One of the most common points of speculation coming out of escalating gas prices has been that people won't want to pay $100 to fill their tank and drive from distant suburbs to their jobs every day.
Our own Peter Harkness, for instance, wrote a CQ column saying that $4 gas might do more for land use planning than anything else we've seen.
My feeling has been that it's way too early to tell. Gas prices are certainly not stable; lately, they've been coming down. I don't know whether $4 gas is a magic tipping point, but we're now at $3.80 on average, and falling. People get used to prices and $3.80 seems cheaper coming down from $4.20 than it did coming up from $3.50.
So it seems early to say. The trend toward suburbanization has been so strong for so long.
Ryan Avent has a post at The American Prospect suggesting that gas prices might merely accelerate trends toward enhanced center-city development, not create them.
What's interesting about center cities, however, is that there are increasing returns to scale. As the population of a dense place grows, the city begins to function better. It becomes easier to develop the revenue to provide good public services. The number and diversity of retail options increases, making cities still more attractive. More people are out on the sidewalk, helping to keep streets safer. And growth in urban populations helps retain and attract urban employers, which then fuels additional growth. This is the growth engine that has given new life to New York City and Washington, D.C., but also helped transform the downtowns of places like Houston and Charlotte, North Carolina.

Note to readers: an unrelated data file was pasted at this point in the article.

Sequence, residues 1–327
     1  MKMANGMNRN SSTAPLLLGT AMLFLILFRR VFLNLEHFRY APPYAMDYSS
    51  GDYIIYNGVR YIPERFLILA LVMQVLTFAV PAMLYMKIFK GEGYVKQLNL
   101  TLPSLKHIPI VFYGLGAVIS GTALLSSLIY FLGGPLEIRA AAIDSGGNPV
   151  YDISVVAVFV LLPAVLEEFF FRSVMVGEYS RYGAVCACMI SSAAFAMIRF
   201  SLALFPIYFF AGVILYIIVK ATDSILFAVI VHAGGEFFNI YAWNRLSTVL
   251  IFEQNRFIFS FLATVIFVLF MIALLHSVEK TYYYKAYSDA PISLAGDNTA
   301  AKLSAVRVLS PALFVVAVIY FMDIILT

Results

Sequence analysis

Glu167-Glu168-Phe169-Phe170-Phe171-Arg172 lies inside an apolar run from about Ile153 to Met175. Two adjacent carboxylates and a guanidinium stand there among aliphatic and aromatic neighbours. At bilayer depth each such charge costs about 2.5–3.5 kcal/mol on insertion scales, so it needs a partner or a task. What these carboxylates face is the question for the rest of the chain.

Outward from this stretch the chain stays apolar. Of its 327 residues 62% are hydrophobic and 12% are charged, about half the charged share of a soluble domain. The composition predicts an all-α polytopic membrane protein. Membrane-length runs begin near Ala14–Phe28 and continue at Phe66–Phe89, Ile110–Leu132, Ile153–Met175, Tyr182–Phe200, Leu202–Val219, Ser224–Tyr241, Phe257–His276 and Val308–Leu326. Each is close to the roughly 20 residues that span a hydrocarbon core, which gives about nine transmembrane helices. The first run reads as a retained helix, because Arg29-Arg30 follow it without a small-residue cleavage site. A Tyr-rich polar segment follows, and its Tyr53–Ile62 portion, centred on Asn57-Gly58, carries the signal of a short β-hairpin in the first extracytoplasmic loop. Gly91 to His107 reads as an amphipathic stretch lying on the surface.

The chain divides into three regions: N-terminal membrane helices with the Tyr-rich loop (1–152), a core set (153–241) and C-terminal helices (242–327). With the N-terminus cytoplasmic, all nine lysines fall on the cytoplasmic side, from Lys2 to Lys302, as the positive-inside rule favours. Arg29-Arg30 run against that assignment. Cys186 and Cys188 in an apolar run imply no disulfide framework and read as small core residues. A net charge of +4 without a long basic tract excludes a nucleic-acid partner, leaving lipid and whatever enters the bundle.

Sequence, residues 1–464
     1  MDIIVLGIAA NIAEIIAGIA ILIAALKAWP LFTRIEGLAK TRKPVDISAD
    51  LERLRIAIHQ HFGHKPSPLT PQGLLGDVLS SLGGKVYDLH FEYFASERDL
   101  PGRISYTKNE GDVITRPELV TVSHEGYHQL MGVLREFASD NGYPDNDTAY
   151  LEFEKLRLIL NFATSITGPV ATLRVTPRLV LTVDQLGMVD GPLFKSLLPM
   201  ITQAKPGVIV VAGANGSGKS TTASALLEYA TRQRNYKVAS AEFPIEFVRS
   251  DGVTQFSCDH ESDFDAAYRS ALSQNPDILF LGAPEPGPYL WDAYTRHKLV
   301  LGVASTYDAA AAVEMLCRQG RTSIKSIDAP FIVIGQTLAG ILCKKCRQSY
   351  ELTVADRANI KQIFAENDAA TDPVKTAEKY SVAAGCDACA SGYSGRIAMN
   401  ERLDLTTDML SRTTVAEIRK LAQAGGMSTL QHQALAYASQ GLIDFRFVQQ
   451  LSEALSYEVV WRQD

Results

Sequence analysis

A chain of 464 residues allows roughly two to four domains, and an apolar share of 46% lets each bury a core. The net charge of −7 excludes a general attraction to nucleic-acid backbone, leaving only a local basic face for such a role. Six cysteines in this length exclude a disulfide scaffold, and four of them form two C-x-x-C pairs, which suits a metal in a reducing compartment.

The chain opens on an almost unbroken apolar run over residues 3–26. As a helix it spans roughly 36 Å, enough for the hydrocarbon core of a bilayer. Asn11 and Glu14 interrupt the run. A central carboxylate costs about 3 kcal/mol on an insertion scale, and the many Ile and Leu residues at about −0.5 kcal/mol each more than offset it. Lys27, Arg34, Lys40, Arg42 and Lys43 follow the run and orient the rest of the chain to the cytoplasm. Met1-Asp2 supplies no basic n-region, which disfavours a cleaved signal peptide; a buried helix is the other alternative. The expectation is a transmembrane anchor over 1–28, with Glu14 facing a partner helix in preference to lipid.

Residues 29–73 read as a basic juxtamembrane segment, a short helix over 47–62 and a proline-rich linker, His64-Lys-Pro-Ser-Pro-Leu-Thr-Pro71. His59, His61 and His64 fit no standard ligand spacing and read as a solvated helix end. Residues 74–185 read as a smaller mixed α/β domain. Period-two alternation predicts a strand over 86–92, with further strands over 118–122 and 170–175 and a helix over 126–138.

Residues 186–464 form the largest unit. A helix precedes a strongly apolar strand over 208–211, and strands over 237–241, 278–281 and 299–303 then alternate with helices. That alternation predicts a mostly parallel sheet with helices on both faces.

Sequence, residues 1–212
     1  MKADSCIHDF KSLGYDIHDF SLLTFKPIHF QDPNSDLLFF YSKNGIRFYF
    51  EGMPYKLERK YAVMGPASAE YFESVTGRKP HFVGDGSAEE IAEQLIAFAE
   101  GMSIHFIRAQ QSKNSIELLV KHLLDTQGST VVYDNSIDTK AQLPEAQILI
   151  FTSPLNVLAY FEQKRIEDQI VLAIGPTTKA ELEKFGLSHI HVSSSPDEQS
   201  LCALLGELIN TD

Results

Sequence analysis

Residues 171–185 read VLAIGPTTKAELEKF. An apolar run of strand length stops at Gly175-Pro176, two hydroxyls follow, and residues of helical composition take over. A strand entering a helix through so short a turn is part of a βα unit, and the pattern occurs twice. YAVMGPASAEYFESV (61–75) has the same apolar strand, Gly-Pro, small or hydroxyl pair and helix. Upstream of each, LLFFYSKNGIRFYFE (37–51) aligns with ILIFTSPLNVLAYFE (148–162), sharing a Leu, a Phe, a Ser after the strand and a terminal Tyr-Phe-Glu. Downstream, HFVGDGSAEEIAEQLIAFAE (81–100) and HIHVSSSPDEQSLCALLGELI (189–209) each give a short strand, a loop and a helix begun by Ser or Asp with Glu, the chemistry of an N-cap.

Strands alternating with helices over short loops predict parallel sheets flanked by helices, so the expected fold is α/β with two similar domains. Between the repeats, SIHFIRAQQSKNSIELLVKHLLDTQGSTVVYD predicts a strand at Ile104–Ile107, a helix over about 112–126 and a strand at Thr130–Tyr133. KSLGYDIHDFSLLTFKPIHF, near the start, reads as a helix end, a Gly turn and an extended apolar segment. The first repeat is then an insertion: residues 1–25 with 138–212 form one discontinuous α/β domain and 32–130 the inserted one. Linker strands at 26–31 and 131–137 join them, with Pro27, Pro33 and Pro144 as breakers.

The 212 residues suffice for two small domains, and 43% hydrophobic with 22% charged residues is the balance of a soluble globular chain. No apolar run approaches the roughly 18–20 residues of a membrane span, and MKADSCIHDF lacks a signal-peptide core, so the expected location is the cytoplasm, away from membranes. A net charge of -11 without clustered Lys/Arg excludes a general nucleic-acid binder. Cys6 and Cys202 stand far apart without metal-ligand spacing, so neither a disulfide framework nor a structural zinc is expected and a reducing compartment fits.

Avent has another post suggesting that suburbs may be hurt be $4 gas, but he thinks this would only exacerbate the problem of overbuilding in areas where foreclosure is a real issue.
The Freakonomics blog at nytimes.com hosts a lengthy forum on the question of what's happening to suburbs and what they'll look like in 40 years. Allow me to summarize:
James Kuntsler writes that they're doomed because they hugely squander resources and cheap energy is a thing of the past.
Thomas Antus has a sarcastic post about how all personal income will go toward paying for government services.
Jan Brueckner predicts that gentrification of the cities willcontinue, meaning that white flight will move toward the cities and thesuburbs will become bastions of minorities.
Gary Gates sees gays becoming more like Ozzie and Harriet and decamping for the suburbs.
John Archer say suburbs will continue to express a deep need for property and autonomy, but will become more mixed and dense.
Alan Berube says suburbs will continue but will have to become less parochial.
Lawrence Levy also sees a future that is more dense.
Freakonomics links to several other forums and articles more or less on this topic.